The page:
Accurately recognizing facial expressions is essential for effective social interactions. Non-human primates (NHPs) are widely used in the study of the neural mechanisms underpinning facial expression processing, yet it remains unclear how well monkeys can recognize the facial expressions of other species such as humans. In this study, we systematically investigated how monkeys process the facial expressions of conspecifics and humans using eye-tracking technology and sophisticated behavioral tasks, namely the temporal discrimination task (TDT) and face scan task (FST). We found that monkeys showed prolonged subjective time perception in response to Negative facial expressions in monkeys while showing longer reaction time to Negative facial expressions in humans. Monkey faces also reliably induced divergent pupil contraction in response to different expressions, while human faces and scrambled monkey faces did not. Furthermore, viewing patterns in the FST indicated that monkeys only showed bias toward emotional expressions upon observing monkey faces. Finally, masking the eye region marginally decreased the viewing duration for monkey faces but not for human faces. By probing facial expression processing in monkeys, our study demonstrates that monkeys are more sensitive to the facial expressions of conspecifics than those of humans, thus shedding new light on inter-species communication through facial expressions between NHPs and humans.
Conjugative transfer of antibiotic resistance genes (ARGs) by plasmids is an important route for ARG dissemination. An increasing number of antibiotic and nonantibiotic compounds have been reported to aid the spread of ARGs, highlighting potential challenges for controlling this type of horizontal transfer. Development of conjugation inhibitors that block or delay the transfer of ARG-bearing plasmids is a promising strategy to control the propagation of antibiotic resistance. Although such inhibitors are rare, they typically exhibit relatively high toxicity and low efficacy in vivo and their mechanisms of action are inadequately understood. Here, we studied the effects of dihydroartemisinin (DHA), an artemisinin derivative used to treat malaria, on conjugation. DHA inhibited the conjugation of the IncI2 and IncX4 plasmids carrying the mobile colistin resistance gene (mcr-1) by more than 160-fold in vitro in Escherichia coli, and more than two-fold (IncI2 plasmid) in vivo in a mouse model. It also suppressed the transfer of the IncX3 plasmid carrying the carbapenem resistance gene blaNDM-5 by more than two-fold in vitro. Detection of intracellular adenosine triphosphate (ATP) and proton motive force (PMF), in combination with transcriptomic and metabolomic analyses, revealed that DHA impaired the function of the electron transport chain (ETC) by inhibiting the tricarboxylic acid (TCA) cycle pathway, thereby disrupting PMF and limiting the availability of intracellular ATP for plasmid conjugative transfer. Furthermore, expression levels of genes related to conjugation and pilus generation were significantly down-regulated during DHA exposure, indicating that the transfer apparatus for conjugation may be inhibited. Our findings provide new insights into the control of antibiotic resistance and the potential use of DHA.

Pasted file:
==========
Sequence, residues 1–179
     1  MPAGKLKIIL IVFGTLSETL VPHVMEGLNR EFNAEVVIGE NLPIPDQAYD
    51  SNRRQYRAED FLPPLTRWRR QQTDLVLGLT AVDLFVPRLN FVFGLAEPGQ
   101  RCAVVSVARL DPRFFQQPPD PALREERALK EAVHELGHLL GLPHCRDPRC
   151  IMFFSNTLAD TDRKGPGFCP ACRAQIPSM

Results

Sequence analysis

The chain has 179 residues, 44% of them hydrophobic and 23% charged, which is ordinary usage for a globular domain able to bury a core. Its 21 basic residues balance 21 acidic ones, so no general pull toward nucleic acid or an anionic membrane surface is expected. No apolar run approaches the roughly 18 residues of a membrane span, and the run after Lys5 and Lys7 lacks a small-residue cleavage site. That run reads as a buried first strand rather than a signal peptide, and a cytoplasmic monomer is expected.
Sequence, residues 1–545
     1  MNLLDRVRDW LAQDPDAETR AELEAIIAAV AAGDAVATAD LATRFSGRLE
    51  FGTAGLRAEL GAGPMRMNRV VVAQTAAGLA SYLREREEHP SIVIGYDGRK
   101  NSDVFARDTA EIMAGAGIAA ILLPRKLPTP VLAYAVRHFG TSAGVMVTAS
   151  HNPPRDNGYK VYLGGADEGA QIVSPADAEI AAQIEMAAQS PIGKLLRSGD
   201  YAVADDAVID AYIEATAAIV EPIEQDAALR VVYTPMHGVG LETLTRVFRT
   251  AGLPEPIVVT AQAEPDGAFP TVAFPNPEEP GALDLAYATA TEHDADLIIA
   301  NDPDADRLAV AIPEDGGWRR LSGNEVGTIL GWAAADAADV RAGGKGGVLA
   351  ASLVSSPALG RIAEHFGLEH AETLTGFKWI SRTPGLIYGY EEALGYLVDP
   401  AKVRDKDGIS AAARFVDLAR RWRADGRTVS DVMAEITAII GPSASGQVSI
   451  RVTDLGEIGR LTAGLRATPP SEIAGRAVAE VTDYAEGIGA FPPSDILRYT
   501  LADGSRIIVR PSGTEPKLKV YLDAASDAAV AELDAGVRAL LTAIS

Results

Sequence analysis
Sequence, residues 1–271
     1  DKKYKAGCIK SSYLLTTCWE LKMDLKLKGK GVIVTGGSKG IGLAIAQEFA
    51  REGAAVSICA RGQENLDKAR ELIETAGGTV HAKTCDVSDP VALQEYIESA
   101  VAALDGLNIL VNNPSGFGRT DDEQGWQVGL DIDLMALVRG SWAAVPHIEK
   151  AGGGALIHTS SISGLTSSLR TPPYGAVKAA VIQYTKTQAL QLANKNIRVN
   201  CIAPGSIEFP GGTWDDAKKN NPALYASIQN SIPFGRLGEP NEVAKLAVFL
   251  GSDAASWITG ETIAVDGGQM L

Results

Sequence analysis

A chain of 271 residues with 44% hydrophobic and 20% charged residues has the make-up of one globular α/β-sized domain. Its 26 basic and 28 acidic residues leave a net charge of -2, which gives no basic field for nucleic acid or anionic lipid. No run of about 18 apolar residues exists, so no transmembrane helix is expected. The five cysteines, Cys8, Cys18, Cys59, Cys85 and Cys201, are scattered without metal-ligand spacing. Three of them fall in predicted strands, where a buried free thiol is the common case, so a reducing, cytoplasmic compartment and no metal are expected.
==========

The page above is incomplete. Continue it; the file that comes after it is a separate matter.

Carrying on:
Previous studies have shown that Vibrio splendidus infection causes mitochondrial damage in Apostichopus japonicus coelomocytes, leading to the production of excessive reactive oxygen species (ROS) and irreversible apoptotic cell death. Emerging evidence suggests that mitochondrial autophagy (mitophagy) is the most effective method for eliminating damaged mitochondria and ROS, with choline dehydrogenase (CHDH) identified as a novel mitophagy receptor that can recognize non-ubiquitin damage signals and microtubule-associated protein 1 light chain 3 (LC3) in vertebrates. However, the functional role of CHDH in invertebrates is largely unknown. In this study, we observed a significant increase in the mRNA and protein expression levels of A. japonicus CHDH (AjCHDH) in response to V. splendidus infection and lipopolysaccharide (LPS) challenge, consistent with changes in mitophagy under the same conditions. Notably, AjCHDH was localized to the mitochondria rather than the cytosol following V. splendidus infection. Moreover, AjCHDH knockdown using siRNA transfection significantly reduced mitophagy levels, as observed through transmission electron microscopy and confocal microscopy. Further investigation into the molecular mechanisms underlying CHDH-regulated mitophagy showed that AjCHDH lacked an LC3-interacting region (LIR) for direct binding to LC3 but possessed a FB1 structural domain that binds to SQSTM1. The interaction between AjCHDH and SQSTM1 was further confirmed by immunoprecipitation analysis. Furthermore, laser confocal microscopy indicated that SQSTM1 and LC3 were recruited by AjCHDH in coelomocytes and HEK293T cells. In contrast, AjCHDH interference hindered SQSTM1 and LC3 recruitment to the mitochondria, a critical step in damaged mitochondrial degradation. Thus, AjCHDH interference led to a significant increase in both mitochondrial and intracellular ROS, followed by increased apoptosis and decreased coelomocyte survival. Collectively, these findings indicate that AjCHDH-mediated mitophagy plays a crucial role in coelomocyte survival in A. japonicus following V. splendidus infection.
Anthropogenic activity, hydrological regime, and light level jointly influence temporal patterns in biosonar activity of the Yangtze finless porpoise at the junction of the Yangtze River and Poyang Lake, China
2023, 44(5): 919-931. doi: 10.24272/j.issn.2095-8137.2022.504